Clinton vs. Trump: Donald trump presidential run 2016 – The media beast (3)

Clinton vs. Trump: the political rhetoric of the 2016 presidential election, or does Donald’s style trump content?

If effectiveness is the real measure of modern times, Donald Trump is a great rhetorician. His speaking style has proven effective by most counts. Whether he knows what he is doing, he is aware of his effectiveness. In this extraordinary presidential election, you have to ask if Donald’s style trumps content. Let’s have a closer look at the donald trump presidential run 2016 in terms of rhetorics, media effectiveness & things you can learn to use for your own journey.

Donald Trump presidential run 2016 – Trump: the political creature

Donald Trump is not the presumptive Republican candidate through the support of the majority of Americans. While he had competition from the other Republican candidates, he garnered 35% of the primary votes – at best. And, since he has been running alone, he has earned as much as 45% of the primary votes.

But, you must remember what a state primary measures. States run their own primaries, and the political parties decide on procedure. So, the winning percent is not a function of the whole population or even the voting population. It is a percentage of voting party members. So, his popularity with the entire electorate remains to be seen.

Moreover, the competition has been slim. Donald Trump has had no credible competitor. Senator Mario Rubio did show something close to the Kennedy sex-appeal, but he lacked the necessary strength of character. Carly Fiorina spoke straight and clear under the Trump bluster. Governor Kasich and Dr. Ben Carson lacked the spirit and agenda necessary. Governors Jeb Bush and Chris Christie misjudged their appeal. And, Tea Party bully Sen. Ted Cruz outgunned Senators Rand Paul and Rick Santorum. Never have so many fought for the votes of so few.

So, Donald Trump finds himself in the lead heading for the national convention. He does so with fewer and fewer friends in the Republican Party leadership. There is no evidence he can capture and hold the independent-minded, and Tea Party conservatives have yet to commit.

Donald Trump presidential run 2016 – Trump: the media beast

Donald Trump is a man of the times and culture he has shaped:

  • Rumor, rush-to-judgement, and media celebrity rule.
  • His Kardashian world pays big money for just showing up.
  • His world equates looking good with quality.

Born to new wealth, he has exploited his father’s numbers into untaxed and unreported fortunes. One joke goes, “Trump has married two east European immigrants; this just goes to prove immigrants will take the jobs most Americans wouldn’t touch.”

His image reflects from the gold-leafed features of his palatial Trump Tower penthouse. The reflection is so meaningful that he confers with it first thing each morning. According to William Cohan in The Atlantic, this image is the “arc of uninterrupted, overwhelming, seemingly effortless success. [This] iconic self-made man may stand center stage in the culture, but not far to the side is his fun-house-mirror image, no less American and only a little less beloved: the sly huckster, the razzle-dazzler.”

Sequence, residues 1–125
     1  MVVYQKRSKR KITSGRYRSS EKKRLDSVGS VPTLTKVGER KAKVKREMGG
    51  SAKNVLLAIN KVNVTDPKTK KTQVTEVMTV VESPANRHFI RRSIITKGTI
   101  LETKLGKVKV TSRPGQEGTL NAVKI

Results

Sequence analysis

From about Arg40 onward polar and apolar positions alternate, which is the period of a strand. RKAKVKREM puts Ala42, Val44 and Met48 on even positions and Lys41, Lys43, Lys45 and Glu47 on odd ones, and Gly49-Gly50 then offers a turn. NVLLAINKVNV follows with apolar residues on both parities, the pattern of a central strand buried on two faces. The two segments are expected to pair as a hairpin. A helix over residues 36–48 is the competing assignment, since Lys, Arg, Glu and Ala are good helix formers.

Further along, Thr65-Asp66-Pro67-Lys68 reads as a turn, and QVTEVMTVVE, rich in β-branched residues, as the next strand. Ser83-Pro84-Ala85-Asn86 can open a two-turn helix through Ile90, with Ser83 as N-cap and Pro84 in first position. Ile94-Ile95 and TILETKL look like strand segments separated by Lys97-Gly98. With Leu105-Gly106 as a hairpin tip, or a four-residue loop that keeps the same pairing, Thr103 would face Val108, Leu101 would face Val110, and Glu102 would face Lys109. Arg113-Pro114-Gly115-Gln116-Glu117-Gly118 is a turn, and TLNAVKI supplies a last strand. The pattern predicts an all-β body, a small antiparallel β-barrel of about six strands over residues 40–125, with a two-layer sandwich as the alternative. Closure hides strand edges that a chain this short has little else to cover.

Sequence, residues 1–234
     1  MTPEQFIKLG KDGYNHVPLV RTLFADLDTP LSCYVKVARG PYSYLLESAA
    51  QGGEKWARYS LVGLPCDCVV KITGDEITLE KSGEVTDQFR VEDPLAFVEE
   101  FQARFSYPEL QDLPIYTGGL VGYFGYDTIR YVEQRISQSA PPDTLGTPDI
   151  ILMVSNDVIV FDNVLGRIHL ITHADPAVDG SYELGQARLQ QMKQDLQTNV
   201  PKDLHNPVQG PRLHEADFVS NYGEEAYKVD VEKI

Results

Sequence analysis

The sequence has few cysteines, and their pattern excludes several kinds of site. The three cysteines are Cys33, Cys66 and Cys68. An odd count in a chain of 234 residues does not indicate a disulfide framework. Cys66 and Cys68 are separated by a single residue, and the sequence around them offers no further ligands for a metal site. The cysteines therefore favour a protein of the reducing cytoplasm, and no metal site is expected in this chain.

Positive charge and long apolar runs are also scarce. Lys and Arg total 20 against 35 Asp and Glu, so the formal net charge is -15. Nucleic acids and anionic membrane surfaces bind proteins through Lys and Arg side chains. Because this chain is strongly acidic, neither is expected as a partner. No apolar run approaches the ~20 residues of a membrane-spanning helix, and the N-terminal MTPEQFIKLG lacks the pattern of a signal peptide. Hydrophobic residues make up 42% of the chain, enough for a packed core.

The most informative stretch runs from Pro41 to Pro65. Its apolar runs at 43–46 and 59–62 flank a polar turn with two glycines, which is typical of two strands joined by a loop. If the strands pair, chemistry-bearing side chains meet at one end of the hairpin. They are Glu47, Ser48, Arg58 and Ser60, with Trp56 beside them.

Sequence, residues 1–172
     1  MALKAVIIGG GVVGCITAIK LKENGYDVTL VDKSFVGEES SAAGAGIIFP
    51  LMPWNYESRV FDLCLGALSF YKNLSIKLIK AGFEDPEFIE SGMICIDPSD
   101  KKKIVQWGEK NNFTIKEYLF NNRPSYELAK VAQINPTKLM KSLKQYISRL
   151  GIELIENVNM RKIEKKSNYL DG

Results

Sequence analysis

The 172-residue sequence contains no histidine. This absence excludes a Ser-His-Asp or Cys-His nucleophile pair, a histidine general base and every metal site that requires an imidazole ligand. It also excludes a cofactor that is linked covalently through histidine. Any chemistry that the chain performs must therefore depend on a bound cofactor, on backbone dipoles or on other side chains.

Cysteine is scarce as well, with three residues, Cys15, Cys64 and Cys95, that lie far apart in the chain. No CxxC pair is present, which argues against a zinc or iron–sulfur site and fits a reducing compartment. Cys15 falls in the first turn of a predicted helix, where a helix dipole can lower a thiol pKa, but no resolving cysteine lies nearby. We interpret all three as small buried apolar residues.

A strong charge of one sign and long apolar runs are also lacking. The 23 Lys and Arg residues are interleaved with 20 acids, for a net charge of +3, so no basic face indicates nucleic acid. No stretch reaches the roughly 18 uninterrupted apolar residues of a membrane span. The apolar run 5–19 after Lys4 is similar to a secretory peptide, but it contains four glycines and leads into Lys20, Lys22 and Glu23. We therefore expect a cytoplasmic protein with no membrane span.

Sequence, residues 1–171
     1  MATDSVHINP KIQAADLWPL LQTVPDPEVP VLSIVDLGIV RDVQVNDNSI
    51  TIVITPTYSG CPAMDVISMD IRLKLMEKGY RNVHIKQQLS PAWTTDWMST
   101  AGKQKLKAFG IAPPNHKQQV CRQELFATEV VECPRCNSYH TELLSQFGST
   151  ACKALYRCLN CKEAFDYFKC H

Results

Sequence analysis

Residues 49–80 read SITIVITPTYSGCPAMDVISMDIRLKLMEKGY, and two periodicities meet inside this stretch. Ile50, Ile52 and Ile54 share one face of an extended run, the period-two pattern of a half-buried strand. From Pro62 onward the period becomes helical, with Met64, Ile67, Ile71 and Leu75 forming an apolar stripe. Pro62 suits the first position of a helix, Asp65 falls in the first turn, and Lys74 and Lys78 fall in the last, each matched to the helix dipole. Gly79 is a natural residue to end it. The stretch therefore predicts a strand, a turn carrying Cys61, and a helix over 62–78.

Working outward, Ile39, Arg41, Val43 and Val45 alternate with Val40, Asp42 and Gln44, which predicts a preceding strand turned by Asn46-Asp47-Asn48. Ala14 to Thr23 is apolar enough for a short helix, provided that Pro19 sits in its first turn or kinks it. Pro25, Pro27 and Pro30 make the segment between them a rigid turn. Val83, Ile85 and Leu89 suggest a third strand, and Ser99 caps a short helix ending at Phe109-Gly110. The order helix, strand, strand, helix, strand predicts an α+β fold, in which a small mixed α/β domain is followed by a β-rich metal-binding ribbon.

Trump has so bought into and exploited the belief in his Midas touch that it has become his most attractive feature to the have-nots.

Donald Trump presidential run 2016 – Trump: the rhetorician

Trump’s political message goes like this: if you are unhappy and unfulfilled by the political status quo and establishment politics, Donald Trump is the schemer that makes the most sense. This is true even if “the Art of the Scheme is that he’ll get rich by promising to make you rich.”

With values stripped away, Donald Trump has proven a very effective candidate. BuzzFeedNews quotes Trump on Fox News’ O’Reilly Factor, “if I attack it [the opposition] on a purely intellectual basis, nobody would listen and the response would not have been nearly as effective.”

  • He favors single syllable words, focuses on his personal pronoun as if it were the pontifical “we,” and avoids politically correct phrases in favor of pejorative slurs.
  • His choppy, rambling, and extemporaneous speeches approximate conversation which, according to Georgetown University linguist Jennifer Sclafani, helps construct “an identity for him as authentic, relatable and trustworthy, which are qualities that voters look for in a presidential candidate.
  • Trump resorts to enthymeme, making an argument without stating the point. That is, he loves innuendo because he remains arm’s-length from the actual charge.
  • He pursues a natural cadence of repetition that makes him vulnerable to comedians and valued by uncritical audiences.
  • And, by referring to everything in huge terms, he can make promises beyond measuring.

So looking at the Donald Trump presidential run 2016, Donald’s rhetorical style clearly trumps content. He is proving very effective, and that makes for modern truth.

(This series continues with an analysis of Hilary’s Clinton this political season.)

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